[0045] A second embodiment will now be described by referring to FIG. 8, in which the frames may be shorter. In this embodiment the base station sends the LAC signal to the mobile station at relative time t0B, but communicates the relative time difference Δt1=t2−t0B for example by rotating the chips of the messages as indicated in FIG. 7. This relative time difference Δt1 is taken into account to elaborate the distance dM at step 250: dM=(t3+Δt1−t11).c/2.

[0046] In these first and second embodiments the mobile station initiates the operation. This is not restrictive: a third embodiment will now be described with reference to FIG. 9, where the base station initiate the operations.

[0047] In this third embodiment the base station sends a location request signal to the mobile station at relative reference time t0B. The mobile station receives said signal over a plurality of radio paths and resolves the relative first time of arrival t4 of said signal. Then the mobile station sends a location acknowledgment signal to the base station at relative reference time tOM inserting, via chip rotation, the time difference Δt3=t4−tOM in the repeated messages. The base station receives said signal via a plurality of radio paths and resolves the relative first time of arrival t6 of said signal. The desired distance dB is given by: dB=(t6+Δt3−t0B).c/2.

[0048] Embodiments where the base station initiates the operations are particularly advantageous when distance (or time) information is transmitted via chip rotation inside the one-bit messages. In fact this method implies quite heavy signal processing: the receiver has to scan the received signal over all rotation values and identify the rotation value what corresponds to the maximum of the correlation. It is better that the base station performs such heavy processing.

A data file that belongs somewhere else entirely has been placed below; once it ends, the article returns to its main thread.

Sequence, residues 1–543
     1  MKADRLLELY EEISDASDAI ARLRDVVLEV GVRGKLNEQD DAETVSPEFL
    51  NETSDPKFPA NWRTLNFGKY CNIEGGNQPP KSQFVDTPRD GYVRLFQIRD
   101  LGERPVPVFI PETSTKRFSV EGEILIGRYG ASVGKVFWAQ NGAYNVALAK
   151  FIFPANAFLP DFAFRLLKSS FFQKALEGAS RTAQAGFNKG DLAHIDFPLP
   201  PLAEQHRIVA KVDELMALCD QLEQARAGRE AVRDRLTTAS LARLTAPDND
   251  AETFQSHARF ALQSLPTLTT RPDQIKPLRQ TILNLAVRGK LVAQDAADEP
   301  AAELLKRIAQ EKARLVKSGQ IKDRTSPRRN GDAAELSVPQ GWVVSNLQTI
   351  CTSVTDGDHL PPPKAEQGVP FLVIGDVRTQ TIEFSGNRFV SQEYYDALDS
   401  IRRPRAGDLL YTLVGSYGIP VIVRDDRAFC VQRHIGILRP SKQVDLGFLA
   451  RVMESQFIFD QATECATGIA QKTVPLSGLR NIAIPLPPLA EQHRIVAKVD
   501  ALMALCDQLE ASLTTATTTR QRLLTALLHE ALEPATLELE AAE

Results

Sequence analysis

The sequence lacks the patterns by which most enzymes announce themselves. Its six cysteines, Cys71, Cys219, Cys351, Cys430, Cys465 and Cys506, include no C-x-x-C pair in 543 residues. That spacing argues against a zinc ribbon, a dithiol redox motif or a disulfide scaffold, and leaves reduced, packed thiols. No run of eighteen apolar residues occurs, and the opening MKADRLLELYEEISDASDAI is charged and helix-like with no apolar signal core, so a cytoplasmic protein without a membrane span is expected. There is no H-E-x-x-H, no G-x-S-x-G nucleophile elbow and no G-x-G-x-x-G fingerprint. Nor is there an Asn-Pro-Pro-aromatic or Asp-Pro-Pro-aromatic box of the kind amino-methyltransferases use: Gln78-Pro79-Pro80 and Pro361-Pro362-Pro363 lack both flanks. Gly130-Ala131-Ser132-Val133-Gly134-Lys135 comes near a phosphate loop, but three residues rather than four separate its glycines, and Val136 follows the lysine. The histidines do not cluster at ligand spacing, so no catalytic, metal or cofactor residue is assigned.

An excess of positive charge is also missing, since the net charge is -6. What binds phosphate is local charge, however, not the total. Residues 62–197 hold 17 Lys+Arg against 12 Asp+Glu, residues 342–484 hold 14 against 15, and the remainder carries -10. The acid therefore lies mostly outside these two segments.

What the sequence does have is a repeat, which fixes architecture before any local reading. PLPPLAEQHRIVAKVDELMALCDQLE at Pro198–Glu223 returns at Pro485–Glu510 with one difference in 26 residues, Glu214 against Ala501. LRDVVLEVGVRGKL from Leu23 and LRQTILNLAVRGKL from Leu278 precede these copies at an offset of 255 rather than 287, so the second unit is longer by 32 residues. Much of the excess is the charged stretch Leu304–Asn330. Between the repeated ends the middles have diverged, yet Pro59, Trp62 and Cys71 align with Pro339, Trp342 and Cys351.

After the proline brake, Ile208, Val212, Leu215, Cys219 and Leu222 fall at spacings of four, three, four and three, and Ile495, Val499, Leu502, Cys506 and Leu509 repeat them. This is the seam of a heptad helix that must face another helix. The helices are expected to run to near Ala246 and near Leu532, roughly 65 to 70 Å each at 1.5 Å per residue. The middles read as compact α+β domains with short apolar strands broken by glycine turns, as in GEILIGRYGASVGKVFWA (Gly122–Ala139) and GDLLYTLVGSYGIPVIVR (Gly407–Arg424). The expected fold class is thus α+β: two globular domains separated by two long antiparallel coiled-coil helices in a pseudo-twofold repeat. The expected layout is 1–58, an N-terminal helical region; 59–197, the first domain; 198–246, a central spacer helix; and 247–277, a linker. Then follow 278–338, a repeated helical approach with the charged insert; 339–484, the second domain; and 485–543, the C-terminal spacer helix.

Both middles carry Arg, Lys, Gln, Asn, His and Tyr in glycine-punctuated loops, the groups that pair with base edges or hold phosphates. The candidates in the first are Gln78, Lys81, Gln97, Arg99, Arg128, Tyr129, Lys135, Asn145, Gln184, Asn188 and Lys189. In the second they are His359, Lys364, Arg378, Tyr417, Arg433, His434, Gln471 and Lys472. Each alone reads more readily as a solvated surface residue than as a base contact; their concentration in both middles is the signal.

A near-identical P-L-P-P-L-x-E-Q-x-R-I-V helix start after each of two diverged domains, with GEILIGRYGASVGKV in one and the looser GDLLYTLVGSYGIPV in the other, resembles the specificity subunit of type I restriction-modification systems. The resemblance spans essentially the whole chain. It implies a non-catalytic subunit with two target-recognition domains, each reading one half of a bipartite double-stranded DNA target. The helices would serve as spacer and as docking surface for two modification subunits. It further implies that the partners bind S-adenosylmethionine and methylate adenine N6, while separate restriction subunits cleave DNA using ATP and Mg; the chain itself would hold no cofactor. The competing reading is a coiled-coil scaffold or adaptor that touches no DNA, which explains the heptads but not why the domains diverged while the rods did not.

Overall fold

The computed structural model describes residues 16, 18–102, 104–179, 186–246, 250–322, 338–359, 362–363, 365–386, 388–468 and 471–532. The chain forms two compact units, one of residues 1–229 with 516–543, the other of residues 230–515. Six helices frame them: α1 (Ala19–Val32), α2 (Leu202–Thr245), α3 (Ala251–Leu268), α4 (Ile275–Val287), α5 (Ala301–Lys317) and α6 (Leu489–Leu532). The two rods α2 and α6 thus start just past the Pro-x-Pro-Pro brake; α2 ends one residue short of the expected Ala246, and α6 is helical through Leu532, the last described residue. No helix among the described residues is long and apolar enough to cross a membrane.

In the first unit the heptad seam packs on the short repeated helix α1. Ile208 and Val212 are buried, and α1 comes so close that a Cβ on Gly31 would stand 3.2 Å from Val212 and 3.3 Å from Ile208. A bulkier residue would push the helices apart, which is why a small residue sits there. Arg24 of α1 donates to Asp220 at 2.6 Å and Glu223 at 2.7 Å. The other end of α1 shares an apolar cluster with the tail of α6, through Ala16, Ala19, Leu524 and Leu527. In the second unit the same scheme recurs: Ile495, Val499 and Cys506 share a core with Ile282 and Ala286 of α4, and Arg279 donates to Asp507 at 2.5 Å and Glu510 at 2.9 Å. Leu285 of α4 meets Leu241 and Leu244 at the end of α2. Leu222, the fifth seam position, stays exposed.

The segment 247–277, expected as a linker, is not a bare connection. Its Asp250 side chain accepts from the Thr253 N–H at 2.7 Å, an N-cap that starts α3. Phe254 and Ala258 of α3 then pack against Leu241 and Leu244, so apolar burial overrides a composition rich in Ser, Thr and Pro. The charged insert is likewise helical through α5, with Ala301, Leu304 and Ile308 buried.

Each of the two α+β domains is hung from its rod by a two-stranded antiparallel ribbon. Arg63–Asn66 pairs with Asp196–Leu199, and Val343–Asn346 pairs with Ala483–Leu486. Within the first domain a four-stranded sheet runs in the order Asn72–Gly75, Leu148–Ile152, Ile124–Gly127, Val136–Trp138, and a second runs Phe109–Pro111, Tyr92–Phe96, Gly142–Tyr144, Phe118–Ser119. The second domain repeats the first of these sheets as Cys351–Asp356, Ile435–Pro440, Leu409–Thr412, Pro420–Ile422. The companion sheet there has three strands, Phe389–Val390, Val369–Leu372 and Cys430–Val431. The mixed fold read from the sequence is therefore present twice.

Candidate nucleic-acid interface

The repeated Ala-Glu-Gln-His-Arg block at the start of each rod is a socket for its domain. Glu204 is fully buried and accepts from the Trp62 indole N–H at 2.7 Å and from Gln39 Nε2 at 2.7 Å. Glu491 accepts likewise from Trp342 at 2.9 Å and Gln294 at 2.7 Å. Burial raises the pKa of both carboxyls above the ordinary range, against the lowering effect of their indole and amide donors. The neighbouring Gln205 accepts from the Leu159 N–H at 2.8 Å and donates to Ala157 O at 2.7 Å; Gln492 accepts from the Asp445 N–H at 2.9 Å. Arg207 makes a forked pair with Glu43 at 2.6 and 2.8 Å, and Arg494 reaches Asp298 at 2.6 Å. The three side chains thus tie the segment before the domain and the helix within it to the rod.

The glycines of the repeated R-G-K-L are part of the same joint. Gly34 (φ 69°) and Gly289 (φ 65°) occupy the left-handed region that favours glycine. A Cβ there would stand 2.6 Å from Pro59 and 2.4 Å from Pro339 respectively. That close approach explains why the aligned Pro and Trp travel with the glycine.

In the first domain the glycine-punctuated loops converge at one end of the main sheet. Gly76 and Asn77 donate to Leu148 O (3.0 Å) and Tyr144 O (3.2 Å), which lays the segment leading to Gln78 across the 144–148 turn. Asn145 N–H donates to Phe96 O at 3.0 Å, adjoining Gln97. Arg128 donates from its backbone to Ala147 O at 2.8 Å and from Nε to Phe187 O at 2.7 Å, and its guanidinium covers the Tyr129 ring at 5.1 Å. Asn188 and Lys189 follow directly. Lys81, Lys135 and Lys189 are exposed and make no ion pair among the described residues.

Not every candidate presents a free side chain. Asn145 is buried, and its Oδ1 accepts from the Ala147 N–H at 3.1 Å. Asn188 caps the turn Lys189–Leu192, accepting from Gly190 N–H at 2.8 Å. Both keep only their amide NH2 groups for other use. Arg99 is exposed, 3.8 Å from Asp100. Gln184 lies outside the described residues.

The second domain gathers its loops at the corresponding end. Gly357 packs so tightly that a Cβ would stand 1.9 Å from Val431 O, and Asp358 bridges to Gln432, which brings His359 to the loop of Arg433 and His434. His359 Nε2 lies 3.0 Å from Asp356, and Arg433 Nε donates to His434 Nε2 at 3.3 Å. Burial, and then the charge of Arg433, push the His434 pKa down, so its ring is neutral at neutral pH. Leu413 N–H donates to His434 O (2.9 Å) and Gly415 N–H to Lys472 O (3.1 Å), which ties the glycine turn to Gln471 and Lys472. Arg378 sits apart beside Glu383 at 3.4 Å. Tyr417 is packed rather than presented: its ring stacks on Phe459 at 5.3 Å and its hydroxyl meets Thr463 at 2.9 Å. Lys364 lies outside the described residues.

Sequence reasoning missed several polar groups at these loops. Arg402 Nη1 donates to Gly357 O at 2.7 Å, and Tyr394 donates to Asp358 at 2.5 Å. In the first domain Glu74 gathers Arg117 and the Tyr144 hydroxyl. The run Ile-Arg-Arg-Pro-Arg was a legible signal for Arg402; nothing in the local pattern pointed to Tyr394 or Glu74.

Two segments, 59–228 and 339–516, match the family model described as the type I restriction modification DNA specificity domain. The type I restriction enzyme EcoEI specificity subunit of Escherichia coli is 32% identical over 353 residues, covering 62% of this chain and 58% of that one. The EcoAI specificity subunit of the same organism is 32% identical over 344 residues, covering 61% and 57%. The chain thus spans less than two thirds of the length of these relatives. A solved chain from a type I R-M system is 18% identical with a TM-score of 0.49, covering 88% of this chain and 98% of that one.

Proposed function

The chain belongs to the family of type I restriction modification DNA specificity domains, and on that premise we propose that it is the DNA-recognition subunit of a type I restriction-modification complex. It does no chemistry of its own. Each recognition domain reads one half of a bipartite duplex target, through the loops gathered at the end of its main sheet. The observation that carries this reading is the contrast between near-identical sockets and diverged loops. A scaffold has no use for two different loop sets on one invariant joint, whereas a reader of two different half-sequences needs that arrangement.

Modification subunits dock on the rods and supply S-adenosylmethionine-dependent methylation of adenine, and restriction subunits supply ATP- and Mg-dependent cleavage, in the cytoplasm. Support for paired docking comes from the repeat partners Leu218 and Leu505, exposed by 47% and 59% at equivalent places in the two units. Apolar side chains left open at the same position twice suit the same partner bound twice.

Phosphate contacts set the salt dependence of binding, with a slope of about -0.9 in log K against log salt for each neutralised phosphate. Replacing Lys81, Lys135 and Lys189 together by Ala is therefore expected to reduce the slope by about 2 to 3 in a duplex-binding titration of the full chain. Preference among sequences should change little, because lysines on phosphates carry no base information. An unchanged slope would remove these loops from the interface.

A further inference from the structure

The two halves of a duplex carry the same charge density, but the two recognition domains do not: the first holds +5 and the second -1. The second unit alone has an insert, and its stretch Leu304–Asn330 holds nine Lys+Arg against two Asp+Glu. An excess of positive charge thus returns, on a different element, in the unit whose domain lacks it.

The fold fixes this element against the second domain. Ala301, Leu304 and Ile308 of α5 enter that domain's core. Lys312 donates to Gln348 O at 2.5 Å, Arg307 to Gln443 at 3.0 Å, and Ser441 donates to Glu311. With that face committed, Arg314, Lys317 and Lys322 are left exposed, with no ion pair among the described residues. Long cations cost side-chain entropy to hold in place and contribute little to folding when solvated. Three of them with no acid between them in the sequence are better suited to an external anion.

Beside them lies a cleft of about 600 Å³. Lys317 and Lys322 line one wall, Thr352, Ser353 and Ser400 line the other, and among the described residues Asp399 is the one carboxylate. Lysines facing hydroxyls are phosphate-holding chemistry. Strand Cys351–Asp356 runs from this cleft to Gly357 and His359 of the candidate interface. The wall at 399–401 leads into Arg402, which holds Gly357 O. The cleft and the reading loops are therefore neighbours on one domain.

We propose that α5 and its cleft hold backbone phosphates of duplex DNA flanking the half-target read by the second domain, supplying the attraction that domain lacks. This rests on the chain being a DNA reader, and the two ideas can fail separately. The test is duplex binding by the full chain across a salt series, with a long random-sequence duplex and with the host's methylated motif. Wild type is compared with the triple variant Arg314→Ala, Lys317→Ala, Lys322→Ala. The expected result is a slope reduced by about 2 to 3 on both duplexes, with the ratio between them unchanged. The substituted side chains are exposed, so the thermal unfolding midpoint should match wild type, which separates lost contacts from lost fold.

[0049] The method described above is suitable for measuring the distance between two radio stations either using the propagation in one direction or using the propagation back and forth. The method can also be changed during the operations in such a way that the one-way delay measurement with chip rotation is used when the distance is so long that the sequential transmissions would extend beyond the time of the frame.

[0050] Finally, it should be noted that the method of calculating distances describe above may also be used with other methods of calculating the time of arrival than the one described herewith reference to FIG. 3.

Referenced by
Citing PatentFiling datePublication dateApplicantTitle
US8238942 *Nov 21, 2007Aug 7, 2012Trapeze Networks, Inc.Wireless station location detection
Classifications
U.S. Classification342/450
International ClassificationG01S5/02, G01S5/00, G01S5/14, G01S13/74, G01S7/292, G01S7/02, H04W64/00
Cooperative ClassificationG01S7/02, H04W64/00, G01S7/292, G01S13/74
European ClassificationG01S13/74, H04W64/00, G01S7/02, G01S7/292